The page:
Archive for the ‘movies’ Category


Some anti-racist and feminist notes on the sixth Harry Potter plus some anti-feminist fangirlish squee!!!!

July 18, 2009

Race issues:

1) So Harry dates Cho an Asian girl, has a flirtation with a biracial girl in a cafe… and then gets into a relationship with, Ginny, a nice washed out white girl.

2) Ginny dates Dean Thomas, played by a Black? Biracial? boy who makes her cry a lot… then gets into a relationship with a nice, white Harry Potter.

3) All the leads are white. There are very few people of colour with speaking roles in the movie. This has been true of ALL of the Harry Potter movies… but it felt even more marked in this one. The biracial girl in the cafe was not in the books that I remember… maybe the film-makers were trying to write more people of colour into the movie.

Women issues:

1) Remus and Tonks together SUCKS. It is so disgusting to see a gorgeous, vibrant young woman be put into a relationship with a gross, boring old man.

2) Hermione pining after brain-dead Ron???? Yeah right. That wasn’t believeable in the books… it sure as hell isn’t believeable in the movies.

3) Ginny got onto the Quidditch team too, right??? She is supposed to be a really brilliant Seeker and Chaser. Why did we only get shots of Ron heroically getting hit by the Quaffle over and over??? Where were all the shots of Ginny with the Quaffle scoring goals for the team??? Oh, that’s right, women’s acheivements and herorism really isn’t comparable to the wonderfulness of stupid men.

Fangirlish Squee:

1) The movie was beautifull rendered. I loved the cinematography.

2) SO MUCH SLASH!!!!! I nearly wet myself when Ron got into bed with Harry. And all those shots of Harry watching Draco and following him around… Sigh. Ages ago I wrote the most brilliant post Sectumsempra story. It fit in so well with the atmosphere of this movie.

3) Luna Lovegood is awesome. I love her character so much. And Helena Bonham Carter has always made my heart beat faster and since she plays an evil, crazy witch in these movies I am totally smitten!!!


Human Rights Film Festival

November 8, 2008

The Human Rights Film Festival is touring Australia with many great films and documentaries about women. Unfortunately, as is often the case, most of the ones I’d really like to see are only being shown in Melbourne. These are the ones I’m going to see.

Behind Forgotten Eyes

Reel Change (short films about Climate Change) which includes Sisters on the Planet:

Ursula is a traditional owner of one of the Carteret Islands, off the coast of Papua New Guinea. Against a ticking clock, Ursula is working to relocate thousands of Islanders forced to uproot their lives due to rising sea levels which will leave their island home submerged and uninhabitable in just a matter of years.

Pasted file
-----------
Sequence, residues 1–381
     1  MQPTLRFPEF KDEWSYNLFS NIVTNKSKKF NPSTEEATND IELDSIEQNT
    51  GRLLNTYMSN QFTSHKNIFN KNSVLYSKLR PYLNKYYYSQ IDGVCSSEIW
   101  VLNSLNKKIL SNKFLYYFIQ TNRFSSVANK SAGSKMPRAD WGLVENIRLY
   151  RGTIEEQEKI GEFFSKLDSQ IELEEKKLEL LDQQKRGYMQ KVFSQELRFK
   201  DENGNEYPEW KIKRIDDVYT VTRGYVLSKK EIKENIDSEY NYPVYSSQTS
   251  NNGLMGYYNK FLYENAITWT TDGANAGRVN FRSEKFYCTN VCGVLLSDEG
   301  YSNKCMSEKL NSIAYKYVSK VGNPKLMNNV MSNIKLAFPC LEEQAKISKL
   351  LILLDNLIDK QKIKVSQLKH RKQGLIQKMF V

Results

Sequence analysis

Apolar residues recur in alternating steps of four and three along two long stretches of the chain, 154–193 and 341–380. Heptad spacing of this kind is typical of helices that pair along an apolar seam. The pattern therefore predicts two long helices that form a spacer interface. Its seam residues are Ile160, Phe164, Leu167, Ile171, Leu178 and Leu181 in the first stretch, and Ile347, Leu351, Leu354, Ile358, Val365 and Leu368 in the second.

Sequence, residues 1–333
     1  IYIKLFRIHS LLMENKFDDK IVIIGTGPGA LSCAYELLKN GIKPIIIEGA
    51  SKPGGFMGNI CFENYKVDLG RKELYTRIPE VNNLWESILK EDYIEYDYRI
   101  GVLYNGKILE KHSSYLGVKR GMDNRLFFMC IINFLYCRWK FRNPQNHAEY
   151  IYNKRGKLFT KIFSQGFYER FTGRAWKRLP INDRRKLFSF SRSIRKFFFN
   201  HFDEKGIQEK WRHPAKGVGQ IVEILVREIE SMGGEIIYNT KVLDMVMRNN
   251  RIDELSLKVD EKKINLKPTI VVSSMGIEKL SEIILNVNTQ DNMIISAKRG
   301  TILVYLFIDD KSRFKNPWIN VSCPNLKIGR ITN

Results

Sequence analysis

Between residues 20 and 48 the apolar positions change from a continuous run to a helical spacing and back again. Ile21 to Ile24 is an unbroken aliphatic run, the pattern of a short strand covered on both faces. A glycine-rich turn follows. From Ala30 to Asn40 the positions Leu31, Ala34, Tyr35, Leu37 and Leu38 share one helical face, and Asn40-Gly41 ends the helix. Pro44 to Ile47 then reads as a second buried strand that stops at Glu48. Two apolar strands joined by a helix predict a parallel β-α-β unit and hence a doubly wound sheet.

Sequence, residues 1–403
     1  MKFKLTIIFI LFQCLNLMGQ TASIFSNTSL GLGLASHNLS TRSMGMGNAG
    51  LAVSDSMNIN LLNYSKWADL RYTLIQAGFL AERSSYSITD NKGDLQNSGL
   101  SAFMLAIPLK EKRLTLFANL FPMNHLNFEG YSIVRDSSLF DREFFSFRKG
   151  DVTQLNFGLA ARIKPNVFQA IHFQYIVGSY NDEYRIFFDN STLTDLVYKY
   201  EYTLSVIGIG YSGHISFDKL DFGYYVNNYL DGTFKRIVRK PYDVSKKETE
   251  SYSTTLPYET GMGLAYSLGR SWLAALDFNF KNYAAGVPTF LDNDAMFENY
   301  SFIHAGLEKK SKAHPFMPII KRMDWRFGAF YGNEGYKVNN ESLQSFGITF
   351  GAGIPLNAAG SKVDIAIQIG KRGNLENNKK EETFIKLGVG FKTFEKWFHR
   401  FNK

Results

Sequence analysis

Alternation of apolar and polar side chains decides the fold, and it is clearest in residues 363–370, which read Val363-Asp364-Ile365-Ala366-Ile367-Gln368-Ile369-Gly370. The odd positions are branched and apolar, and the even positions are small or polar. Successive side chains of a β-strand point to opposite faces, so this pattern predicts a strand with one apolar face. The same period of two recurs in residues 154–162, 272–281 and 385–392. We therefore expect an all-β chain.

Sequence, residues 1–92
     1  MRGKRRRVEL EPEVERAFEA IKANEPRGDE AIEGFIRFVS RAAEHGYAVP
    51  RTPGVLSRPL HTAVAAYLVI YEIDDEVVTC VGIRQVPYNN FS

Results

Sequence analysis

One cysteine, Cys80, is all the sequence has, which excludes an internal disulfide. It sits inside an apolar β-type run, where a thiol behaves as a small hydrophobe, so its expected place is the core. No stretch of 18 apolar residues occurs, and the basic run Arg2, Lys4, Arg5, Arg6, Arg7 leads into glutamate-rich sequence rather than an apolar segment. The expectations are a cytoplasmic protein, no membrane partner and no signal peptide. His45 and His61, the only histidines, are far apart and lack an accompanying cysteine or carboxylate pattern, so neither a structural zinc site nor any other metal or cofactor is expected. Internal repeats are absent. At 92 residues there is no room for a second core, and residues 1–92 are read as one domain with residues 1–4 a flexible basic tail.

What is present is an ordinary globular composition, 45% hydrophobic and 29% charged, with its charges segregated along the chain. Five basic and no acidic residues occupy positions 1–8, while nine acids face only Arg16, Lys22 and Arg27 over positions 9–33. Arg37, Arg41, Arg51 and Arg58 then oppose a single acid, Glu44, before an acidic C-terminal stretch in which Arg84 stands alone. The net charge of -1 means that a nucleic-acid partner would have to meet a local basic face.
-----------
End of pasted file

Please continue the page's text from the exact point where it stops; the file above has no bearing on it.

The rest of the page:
Sisters on the Planet hones in on the tragic effects of climate change and those most startlingly affected.

and An Uncertain Future:

An Uncertain Future tells the story of the 2000-strong community living in the Cartaret Islands who will soon become the world’s first climate change refugees.

Made by a group of young Cartaret Islanders who had never before touched a camera, computer or MP3 player, this film poetically captures the views and reflections of the people as they prepare to relocate to the mainland due to rises in sea level which will make their Pacific island home disappear in a matter of years.

Screen Dreaming: Indigenous Shorts Session, which includes Backseat:

Inspired by Pauline Whyman’s own experience, Back Seat tells the story of a young Aboriginal girl Janine who goes with her foster parents to meet her biological family for the first time. From the back seat of her foster parent’s car, Janine watches as her blood family come into view and then recede into the distance.


Nana’s granddaughter thinks Nana’s pretty special. She loves her Nana because she helps the old people, she’s a good painter and other people love her too. Nana’s got everyone under control.


Following the 2007 release of the Little Children Are Sacred report – which exposed a worrying prevalence of child abuse in indigenous communities – the Howard government responded by bringing in emergency legislation known as ‘The Intervention’. This new policy generated public outcry and upturned the lives of the Northern Territory’s indigenous population.

Based on 40 interviews from a cross section of the aboriginal community living in and around Alice Springs, Intervention discusses town camps, quarantine laws, ration cards, alcoholism and the shame and disempowerment that has ensued as a consequence of governmental intrusion.

Lamberti, who has lived in Alice Springs since 2005, creates an intimate forum, straight from the community’s mouth. The end result is a rich dialogue of stories and viewpoints rarely found in mainstream media. The people whose lives have been affected since the implementation of the policy in 2007, were never given the chance to have their say. This is their voice.


Movies about sisterhood and love between women

August 2, 2008

Go watch these clips from Radiance, my favourite movie (aligned in greatness with Serenades and Fire).

Fire by Deepa Mehta

Fucking Amal (Show Me Love)


If I wasn’t a dyke already these movies would make me one. This post is for those straight, whiny, rad fems out there. You know who you are. 😉